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Unity 5 and Physx 3.3.0 details...

Discussion in 'Unity 5 Pre-order Beta' started by web76, Mar 19, 2014.

  1. Aiursrage2k

    Aiursrage2k

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    Are you guys going to add force fields, I think tornados, box character collifers, rubber frogs, fluid simulation etc. thing is all old stuff that was added to physx from like 5 years ago that should be added to unity. It looks like after noida acquired physx they haven't added as nearly new features as before
     
  2. hippocoder

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    No, it's designed to be comparable to 4.x physx. If in the future Unity expand it, it will be after 5.0 is out.
     
  3. jonas-echterhoff

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    I expect instancing of colliders to be significantly faster in Unity 5.0 - as well as moving static colliders, which has been a major performance pitfall (unknown to many) in Unity up until now.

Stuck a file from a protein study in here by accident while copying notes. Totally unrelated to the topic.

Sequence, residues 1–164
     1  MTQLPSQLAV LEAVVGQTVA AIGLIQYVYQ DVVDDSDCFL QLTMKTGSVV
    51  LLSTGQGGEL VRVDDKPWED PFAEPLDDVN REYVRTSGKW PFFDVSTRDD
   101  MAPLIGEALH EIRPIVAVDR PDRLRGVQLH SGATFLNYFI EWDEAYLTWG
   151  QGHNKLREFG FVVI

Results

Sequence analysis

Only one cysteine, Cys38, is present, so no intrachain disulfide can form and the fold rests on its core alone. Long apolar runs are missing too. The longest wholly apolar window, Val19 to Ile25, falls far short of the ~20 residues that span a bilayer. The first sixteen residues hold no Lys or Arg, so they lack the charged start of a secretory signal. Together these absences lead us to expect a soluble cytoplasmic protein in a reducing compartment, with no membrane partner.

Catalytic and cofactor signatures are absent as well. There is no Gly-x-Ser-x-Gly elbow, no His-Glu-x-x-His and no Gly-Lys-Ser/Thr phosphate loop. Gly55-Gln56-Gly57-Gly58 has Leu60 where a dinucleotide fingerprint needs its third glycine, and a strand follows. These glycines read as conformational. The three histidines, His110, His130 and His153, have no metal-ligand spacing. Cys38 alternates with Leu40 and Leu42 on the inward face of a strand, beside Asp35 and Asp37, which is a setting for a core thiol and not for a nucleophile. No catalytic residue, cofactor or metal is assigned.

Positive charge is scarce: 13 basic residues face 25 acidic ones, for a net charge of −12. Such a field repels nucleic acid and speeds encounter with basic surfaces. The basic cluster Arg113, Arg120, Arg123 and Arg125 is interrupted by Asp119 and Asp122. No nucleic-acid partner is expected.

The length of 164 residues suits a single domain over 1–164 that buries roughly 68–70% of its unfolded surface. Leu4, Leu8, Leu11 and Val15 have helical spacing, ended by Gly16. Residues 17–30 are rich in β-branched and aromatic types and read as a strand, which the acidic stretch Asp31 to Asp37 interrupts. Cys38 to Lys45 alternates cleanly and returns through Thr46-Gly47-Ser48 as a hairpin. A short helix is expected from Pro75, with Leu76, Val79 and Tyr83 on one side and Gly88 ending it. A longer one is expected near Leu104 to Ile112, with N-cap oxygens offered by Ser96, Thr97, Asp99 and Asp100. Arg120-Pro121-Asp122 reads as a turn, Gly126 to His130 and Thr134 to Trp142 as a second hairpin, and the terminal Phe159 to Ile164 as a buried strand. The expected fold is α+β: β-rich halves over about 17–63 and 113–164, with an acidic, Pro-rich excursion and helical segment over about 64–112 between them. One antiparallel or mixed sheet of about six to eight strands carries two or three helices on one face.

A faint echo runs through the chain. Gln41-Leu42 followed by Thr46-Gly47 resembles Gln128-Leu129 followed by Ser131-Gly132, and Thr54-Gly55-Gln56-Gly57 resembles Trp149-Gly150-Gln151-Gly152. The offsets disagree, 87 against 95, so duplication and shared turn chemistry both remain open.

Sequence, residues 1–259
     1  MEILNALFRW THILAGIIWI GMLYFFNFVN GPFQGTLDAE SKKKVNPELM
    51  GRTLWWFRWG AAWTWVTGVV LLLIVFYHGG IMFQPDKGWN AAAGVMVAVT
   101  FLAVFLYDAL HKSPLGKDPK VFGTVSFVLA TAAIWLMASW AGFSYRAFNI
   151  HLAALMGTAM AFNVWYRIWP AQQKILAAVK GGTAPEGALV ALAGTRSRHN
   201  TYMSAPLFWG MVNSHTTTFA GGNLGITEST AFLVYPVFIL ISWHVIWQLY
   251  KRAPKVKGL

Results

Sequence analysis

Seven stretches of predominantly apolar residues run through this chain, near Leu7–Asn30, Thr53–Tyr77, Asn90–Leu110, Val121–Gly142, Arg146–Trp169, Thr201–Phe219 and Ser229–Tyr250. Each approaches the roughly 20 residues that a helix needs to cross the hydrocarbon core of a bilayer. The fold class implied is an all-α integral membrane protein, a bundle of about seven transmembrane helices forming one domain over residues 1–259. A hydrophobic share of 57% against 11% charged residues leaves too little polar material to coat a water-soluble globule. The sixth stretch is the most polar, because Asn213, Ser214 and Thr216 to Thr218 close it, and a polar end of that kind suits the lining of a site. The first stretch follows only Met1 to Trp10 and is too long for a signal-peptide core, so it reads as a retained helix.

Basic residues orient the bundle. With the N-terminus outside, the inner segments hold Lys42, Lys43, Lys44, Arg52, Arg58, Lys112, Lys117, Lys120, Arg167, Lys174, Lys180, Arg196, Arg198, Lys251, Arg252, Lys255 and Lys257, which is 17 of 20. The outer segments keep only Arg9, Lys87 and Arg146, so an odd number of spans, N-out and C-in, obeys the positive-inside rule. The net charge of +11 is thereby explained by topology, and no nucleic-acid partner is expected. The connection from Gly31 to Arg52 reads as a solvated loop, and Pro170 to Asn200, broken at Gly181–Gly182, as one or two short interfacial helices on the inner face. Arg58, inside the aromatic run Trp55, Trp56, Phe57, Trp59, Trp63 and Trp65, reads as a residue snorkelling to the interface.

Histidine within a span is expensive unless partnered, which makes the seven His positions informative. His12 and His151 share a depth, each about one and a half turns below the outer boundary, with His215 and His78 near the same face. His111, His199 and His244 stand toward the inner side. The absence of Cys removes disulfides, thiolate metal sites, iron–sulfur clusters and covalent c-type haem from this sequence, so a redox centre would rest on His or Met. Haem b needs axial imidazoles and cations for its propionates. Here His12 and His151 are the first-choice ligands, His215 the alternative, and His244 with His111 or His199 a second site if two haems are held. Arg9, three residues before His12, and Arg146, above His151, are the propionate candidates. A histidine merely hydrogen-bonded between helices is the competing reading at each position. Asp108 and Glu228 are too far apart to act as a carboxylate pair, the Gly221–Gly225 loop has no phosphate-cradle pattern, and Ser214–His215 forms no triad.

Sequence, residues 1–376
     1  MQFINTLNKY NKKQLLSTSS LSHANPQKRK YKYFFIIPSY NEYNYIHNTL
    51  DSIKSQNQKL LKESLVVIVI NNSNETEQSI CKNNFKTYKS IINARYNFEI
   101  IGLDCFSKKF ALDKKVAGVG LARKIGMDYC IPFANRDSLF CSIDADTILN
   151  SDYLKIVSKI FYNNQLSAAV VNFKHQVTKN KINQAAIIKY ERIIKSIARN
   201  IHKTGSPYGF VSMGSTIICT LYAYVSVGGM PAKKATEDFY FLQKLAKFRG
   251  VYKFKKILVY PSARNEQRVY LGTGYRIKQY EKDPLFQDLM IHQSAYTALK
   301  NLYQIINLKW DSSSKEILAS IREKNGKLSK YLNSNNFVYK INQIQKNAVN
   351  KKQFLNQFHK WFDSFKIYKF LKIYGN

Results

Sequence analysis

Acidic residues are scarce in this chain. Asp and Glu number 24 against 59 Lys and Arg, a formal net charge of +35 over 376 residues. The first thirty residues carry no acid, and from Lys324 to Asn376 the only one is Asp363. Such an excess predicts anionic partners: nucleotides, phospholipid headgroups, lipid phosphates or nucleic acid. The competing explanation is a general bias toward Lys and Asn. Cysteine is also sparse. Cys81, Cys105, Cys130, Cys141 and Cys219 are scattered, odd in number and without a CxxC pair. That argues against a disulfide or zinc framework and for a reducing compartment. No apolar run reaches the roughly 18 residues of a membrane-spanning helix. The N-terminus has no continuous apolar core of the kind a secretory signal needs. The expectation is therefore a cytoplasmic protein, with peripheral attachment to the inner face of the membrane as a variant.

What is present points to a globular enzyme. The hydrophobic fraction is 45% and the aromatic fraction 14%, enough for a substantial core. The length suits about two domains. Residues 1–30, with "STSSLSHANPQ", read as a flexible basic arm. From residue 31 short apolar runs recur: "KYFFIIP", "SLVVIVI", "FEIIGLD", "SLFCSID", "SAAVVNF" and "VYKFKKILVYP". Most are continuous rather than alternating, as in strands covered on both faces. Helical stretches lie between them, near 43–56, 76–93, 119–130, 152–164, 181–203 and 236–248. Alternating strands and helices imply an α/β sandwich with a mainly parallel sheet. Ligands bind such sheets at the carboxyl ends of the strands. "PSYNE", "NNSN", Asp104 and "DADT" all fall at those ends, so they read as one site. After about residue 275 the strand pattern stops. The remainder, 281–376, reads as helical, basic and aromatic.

Not planned right now.
     
  4. Sebioff

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    Could you add overlap tests? That would be my number one request and something that might be easy to do?
    I'm desperately missing a simple and reliable way to check if one object is colliding with anything else if I place it somewhere. Having to use the OnCollision-events for that is really hacky and error-prone (for example because destroying an object doesn't trigger OnCollisionExit o_O)
     
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  5. Infernno

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  6. Infernno

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    Then I hope they will implement it.
    P.S. Since it is not planned we can post this idea in Unity Feedback :)
     
  7. Neurological

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    About the static colliders, I'm moving sliding doors that have a simple box collider in it. I move it by transform inside a coroutine, so I should avoid that for now, how of a bottleneck is having let's say 50 static colliders moving by transform?
     
  8. angrypenguin

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    In terms of physics, a "static" collider is any collider without a Rigidbody. It'd be nice if the documentation and/or interface (preferably both) made this clearer.
     
  9. Roni92